Ex-Sen. Al Franken takes first steps back into public arena
MINNEAPOLIS (AP) — Nearly a year after he resigned his U.S. Senate seat amid sexual misconduct allegations, Al Franken is testing whether he can make a comeback in the #MeToo era.
The former “Saturday Night Live” funnyman released a podcast on health care this week, just days after a Thanksgiving Day Facebook post in which he mused how much he missed “being in the fight every day.”
“When I left the Senate I said I was giving up my seat but not my voice, and after the midterm elections I thought I’d start experimenting with ways to make my voice heard,” Franken said as he opened the podcast. He ended by saying: “Maybe I’ll do another one, I don’t know.”
Franken was a safe bet for re-election before a radio host last year accused him of forcibly kissing her during a USO tour in the Middle East in 2006, and circulated a photo in which he can be seen pretending to grope her breasts. That was followed by allegations from several women that he groped them while posing for photos.
Several female Democratic senators led by New York Sen. Kirsten Gillibrand responded to the allegations by calling on Franken to step down, and he announced his resignation in December, even as he maintained that some of the accusations were untrue and disputed details in others.
Franken, 67, was among the first politicians who fell amid the rise of the #MeToo movement. But others have survived misconduct allegations since then, including U.S. Rep. Keith Ellison, who was elected Minnesota’s attorney general this month despite an ex-girlfriend’s claim of domestic abuse. And Brett Kavanaugh was confirmed to the U.S. Supreme Court despite an allegation of attempted sexual assault.
Many liberal activists and donors nationally have argued that Franken was treated too harshly. Comedian Bill Maher recently argued on his HBO show “Real Time” that “We can have #MeToo and Al Franken. They’re not mutually exclusive. It’s time to get Al off the bench so he could come back to doing what he does better than any other Democrat, taking down right-wing blowhards.”
Even President Donald Trump ridiculed Franken for quitting too soon. At a rally in Minnesota last month for the Republican running in a special election to complete Franken’s term, Trump told the crowd that Franken folded “like a wet rag.”
“Man. ... He was gone so fast. It was like, ‘Oh, he did something, oh, oh, oh, I resign. I quit, I quit.’ Wow,” Trump said.
Franken declined an interview request, and he hasn’t made clear yet exactly how he will seek to become more publicly involved. He said in his Facebook post that he is “certainly not running for anything.” Even if he was interested, Minnesota’s Senate seats and governorship are locked down for the near future by fellow Democrats.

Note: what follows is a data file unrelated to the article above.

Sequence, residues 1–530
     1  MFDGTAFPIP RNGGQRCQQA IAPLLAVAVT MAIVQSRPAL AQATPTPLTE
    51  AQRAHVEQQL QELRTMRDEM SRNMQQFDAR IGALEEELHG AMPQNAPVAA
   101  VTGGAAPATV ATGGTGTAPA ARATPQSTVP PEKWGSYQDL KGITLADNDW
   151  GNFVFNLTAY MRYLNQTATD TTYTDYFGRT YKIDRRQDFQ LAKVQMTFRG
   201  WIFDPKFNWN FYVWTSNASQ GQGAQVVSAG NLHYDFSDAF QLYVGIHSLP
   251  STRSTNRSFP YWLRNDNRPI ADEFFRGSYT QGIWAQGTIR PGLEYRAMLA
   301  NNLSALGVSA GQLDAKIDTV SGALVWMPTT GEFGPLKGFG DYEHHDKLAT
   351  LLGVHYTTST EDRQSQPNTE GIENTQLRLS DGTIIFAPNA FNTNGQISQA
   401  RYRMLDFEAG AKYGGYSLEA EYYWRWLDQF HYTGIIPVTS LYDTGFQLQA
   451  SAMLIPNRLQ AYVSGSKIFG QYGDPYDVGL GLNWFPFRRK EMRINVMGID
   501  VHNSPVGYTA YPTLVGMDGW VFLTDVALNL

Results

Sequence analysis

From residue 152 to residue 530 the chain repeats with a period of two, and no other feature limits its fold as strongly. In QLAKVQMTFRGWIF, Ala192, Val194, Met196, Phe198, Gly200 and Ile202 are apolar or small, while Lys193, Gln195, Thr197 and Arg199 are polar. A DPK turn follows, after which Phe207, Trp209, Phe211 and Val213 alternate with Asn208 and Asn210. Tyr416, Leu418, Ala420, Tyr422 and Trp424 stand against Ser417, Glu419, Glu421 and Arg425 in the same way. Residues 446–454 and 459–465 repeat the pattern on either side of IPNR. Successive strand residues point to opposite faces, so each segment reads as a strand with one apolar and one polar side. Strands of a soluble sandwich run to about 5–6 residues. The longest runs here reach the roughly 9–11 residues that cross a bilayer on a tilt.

And some are warning against rushing to welcome Franken back.
“No matter how much you care about him or his voice or his talents as an orator, that does not trump the need to create a more just culture for the survivors of sexual violence,” said feminist author Sady Doyle, a regular contributor to Elle and Medium who said she was once a big Franken fan.
If he does return, influencing policy would seem a natural path. Franken cultivated an image as a serious policy wonk in the Senate, with a particular interest in technology issues such as net neutrality. He’s also seen as having influence with Democratic donors.
Norm Ornstein, a close friend of Franken’s for 30 years who is also a resident scholar at the American Enterprise Institute, a conservative-leaning Washington think tank, said he and Franken have had discussions since the midterm election about how Franken might play a public role again.
Ornstein said Franken had “a really important voice in the Senate” before his fall, and his recent steps show “that he’s moving cautiously, deliberately and with some humility to find that voice.”
Health policy, social justice, technology, the environment, agriculture and the future of democracy are some of the issues Franken feels most passionately about, Ornstein said. They’re going to be critical issues going into the 2020 election, he said, and they’re issues on which Franken could once again be an influential voice. He said the health care podcast showed that Franken knows how to have “informative and entertaining” discussions that can deepen the public’s understanding of important issues and potentially tee up issues for candidates in 2020.
University of Minnesota political scientist Larry Jacobs said Franken can help set the Democratic agenda. Franken still has “enormous leverage” in the party because of his demonstrated fundraising ability, Jacobs said, adding that he believes Franken could revive his national network of donors on behalf of progressive candidates.
“There’s a big space here for Al Franken,” Jacobs said. “And it may well be the right timing because we’re past 2018, moving to 2020. Franken’s gifts as a communicator, his ability to counter Trump, plus that extraordinary donor base, are and will be in high demand. Plus there’s genuine remorse among progressives (who think) that he was unfairly treated, too harshly treated.”
But some aren’t buying it.
“Even after being forced out of the U.S. Senate by his fellow Democrats a year ago, Franken seems to refuse to accept responsibility for his actions,” said Brian McClung, a Republican strategist who was spokesman for former GOP Gov. Tim Pawlenty. “Eight women accused him of sexual harassment. While people deserve second chances and the opportunity to redeem themselves, Franken has a long, long way to go.”